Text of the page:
How Many Stitts of Stittsville Remain?

How Many Stitts of Stittsville Remain?


This photograph shows Stittsville’s railway complex around 1895, with what is now Stittsville Main Street crossing the tracks in the foreground.


Stittsville was founded in 1818 by Jackson Stitt one of the veterans of the 1812 war. He ignored gifts of land in Carleton County and decided to go off by himself. The Stitts were United Empire Loyalists and Jackson decided to set up a commercial house that was almost half way to Ottawa so the farmers from Carleton Place and Almonte would have a place to drop in on their way to market in Ottawa. Anytime you pass the Stittsville sign on Highway 15 think about the inn that Jackson Stitt built at that very place called Stitts Corner.

The original village was a mile north of the current location which would be at the present intersection of Carp Road and Hazeldean Road. It was a small crossroads, consisting of a few houses, a small inn, and a general store and post office, which was owned by Jackson Stitt.





When the disastrous fire of Carleton County in 1870 burned so many buildings killing 12 people, and when the first train passed a mile south from the village the village was moved to its current location. The inn however survived the fire–so what happened to the Stitts?

There was Jackson Stitt’s son John who resided on lot 29 in Goulbourn Township in 1879 and James lived there with his sister Etta until they were both killed in a car accident in 1927. Two other Stitts moved to Manitoba, one of them being iconic MP Barney Stitt and Jim Stitt who built a bridge across the Red River and was also a composer for the Peace Tower Carillon.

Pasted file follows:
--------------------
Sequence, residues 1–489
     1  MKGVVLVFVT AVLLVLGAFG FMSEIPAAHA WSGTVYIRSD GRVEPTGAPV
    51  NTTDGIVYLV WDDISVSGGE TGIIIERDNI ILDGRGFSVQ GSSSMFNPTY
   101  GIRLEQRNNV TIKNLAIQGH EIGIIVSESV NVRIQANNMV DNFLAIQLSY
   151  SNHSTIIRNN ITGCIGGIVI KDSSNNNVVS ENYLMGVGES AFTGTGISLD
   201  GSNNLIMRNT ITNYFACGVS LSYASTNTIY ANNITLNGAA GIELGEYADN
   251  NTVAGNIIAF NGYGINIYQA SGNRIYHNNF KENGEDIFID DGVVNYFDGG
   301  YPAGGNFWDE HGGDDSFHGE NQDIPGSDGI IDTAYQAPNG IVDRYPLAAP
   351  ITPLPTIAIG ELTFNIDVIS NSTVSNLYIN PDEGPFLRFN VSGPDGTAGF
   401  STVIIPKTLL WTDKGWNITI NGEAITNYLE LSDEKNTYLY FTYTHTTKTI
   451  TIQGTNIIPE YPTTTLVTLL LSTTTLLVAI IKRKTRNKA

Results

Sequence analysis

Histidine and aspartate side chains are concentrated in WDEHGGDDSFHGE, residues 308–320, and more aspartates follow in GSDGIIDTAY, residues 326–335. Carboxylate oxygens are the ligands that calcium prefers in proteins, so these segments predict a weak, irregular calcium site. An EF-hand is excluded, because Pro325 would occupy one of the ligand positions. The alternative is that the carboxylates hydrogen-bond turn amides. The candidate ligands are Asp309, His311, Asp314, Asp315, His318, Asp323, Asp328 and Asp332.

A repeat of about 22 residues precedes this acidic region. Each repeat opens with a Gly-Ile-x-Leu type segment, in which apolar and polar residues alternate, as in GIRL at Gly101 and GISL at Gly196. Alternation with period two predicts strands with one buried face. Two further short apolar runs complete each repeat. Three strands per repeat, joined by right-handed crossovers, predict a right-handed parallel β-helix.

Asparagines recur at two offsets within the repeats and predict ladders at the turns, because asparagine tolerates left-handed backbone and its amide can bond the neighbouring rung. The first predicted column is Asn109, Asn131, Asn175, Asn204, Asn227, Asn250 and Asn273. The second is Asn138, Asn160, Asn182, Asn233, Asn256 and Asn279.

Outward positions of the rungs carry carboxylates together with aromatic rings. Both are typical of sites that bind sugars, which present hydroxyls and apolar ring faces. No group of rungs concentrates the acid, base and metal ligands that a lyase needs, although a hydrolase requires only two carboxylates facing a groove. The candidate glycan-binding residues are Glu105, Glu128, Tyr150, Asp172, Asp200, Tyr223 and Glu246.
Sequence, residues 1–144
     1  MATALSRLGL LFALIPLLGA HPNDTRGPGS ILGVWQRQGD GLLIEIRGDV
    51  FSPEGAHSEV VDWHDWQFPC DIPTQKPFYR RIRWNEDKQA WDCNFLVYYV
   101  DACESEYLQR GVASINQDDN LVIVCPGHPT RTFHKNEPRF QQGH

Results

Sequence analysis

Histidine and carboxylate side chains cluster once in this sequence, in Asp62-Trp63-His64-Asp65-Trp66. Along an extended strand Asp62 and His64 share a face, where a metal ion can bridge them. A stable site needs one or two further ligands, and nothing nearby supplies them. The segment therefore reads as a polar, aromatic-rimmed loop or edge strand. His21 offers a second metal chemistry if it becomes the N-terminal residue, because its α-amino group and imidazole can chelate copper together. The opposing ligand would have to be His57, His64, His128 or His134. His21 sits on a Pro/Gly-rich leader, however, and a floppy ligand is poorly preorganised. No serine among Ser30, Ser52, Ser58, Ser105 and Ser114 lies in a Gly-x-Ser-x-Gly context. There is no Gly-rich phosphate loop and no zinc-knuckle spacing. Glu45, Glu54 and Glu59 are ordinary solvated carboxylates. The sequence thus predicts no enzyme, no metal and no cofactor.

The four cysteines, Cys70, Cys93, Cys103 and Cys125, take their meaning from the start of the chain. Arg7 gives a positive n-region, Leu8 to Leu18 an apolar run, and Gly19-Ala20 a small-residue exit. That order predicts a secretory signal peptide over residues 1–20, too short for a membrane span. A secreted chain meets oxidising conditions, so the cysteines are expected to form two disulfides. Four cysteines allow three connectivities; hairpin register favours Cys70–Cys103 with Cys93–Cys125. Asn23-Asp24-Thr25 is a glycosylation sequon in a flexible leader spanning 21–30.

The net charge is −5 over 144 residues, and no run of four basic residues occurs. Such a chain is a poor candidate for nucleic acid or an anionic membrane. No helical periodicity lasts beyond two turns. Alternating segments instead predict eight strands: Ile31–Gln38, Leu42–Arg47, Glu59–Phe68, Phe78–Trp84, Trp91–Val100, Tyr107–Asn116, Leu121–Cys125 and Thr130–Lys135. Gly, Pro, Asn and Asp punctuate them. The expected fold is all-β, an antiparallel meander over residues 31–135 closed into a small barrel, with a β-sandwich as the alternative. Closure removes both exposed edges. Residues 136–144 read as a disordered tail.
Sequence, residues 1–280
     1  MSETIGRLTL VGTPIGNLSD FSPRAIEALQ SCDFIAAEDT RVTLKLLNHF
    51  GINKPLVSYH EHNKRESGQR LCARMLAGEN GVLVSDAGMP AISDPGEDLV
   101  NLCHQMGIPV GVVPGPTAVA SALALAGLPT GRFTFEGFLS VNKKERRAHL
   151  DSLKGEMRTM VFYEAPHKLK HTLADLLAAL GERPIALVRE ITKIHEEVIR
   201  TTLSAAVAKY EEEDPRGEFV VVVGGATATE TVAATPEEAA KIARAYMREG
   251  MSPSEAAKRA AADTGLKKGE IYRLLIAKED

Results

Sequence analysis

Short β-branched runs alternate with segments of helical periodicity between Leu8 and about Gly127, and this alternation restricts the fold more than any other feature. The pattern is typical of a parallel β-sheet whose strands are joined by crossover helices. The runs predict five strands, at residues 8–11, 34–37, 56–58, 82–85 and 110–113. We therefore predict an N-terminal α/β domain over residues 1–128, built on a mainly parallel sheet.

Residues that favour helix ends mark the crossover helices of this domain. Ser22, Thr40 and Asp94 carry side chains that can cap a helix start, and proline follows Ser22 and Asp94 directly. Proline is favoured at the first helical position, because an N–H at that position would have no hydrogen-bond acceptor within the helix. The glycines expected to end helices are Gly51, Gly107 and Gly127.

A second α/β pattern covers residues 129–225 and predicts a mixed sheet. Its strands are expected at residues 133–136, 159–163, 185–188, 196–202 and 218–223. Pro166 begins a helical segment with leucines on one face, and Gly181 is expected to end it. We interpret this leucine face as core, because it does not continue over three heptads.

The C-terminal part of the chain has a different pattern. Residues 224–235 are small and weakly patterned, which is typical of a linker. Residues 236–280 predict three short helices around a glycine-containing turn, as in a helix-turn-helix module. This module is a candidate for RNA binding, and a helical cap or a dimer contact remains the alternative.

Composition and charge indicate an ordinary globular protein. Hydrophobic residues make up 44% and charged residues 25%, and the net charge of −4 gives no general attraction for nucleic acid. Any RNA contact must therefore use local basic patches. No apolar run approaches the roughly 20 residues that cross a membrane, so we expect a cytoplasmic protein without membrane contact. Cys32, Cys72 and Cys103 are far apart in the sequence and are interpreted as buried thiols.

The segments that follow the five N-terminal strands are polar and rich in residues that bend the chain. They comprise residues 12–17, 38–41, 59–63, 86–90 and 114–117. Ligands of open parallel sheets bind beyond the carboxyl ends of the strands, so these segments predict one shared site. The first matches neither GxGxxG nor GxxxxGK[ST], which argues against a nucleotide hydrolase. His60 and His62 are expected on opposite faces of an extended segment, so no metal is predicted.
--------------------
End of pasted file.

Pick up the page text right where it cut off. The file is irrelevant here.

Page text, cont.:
Artwork by Ralph Wallace Burton, Old Farm, Stittsville, Ontario, Made of oil–MutualArt

In 1963 there was only one family in the Ottawa Telephone Directory that had any relationship with the original Stitts family. Now the small town that once basically the headquarters for the giant flea market has expanded into Kanata in the recent years and I am wondering how many Stitts are left in the area.



Information where you can buy all Linda Seccaspina’s books-You can also read Linda in The Townships Sun andScreamin’ Mamas (USA)

Come and visit the Lanark County Genealogical Society Facebook page– what’s there? Cool old photos–and lots of things interesting to read. Also check out The Tales of Carleton Place.


Stitts of Stittsville–Click here







Clipped from Juniata Sentinel,  07 Sep 1870, Wed,  Page 1




Clipped from The Ottawa Journal,  23 Feb 1903, Mon,  Page 5


Clipped from

  1. The Ottawa Citizen,
  2. 17 Sep 1927, Sat,
  3. Page 2


Somewhere in Ashton-The Ashton Curmudgeon

The Ashton Funeral to end all Funerals

Did Anyone Ever Have Fun in Ashton? Ashton 101

Did Anyone Have Fun in Ashton? Part 2- The Fleming House




About lindaseccaspina

Before she laid her fingers to a keyboard, Linda was a fashion designer, and then owned the eclectic store Flash Cadilac and Savannah Devilles in Ottawa on Rideau Street from 1976-1996. She also did clothing for various media and worked on “You Can’t do that on Television”. After writing for years about things that she cared about or pissed her off on American media she finally found her calling. She is a weekly columnist for the Sherbrooke Record and documents history every single day and has over 6500 blogs about Lanark County and Ottawa and an enormous weekly readership. Linda has published six books and is in her 4th year as a town councillor for Carleton Place. She believes in community and promoting business owners because she believes she can, so she does.

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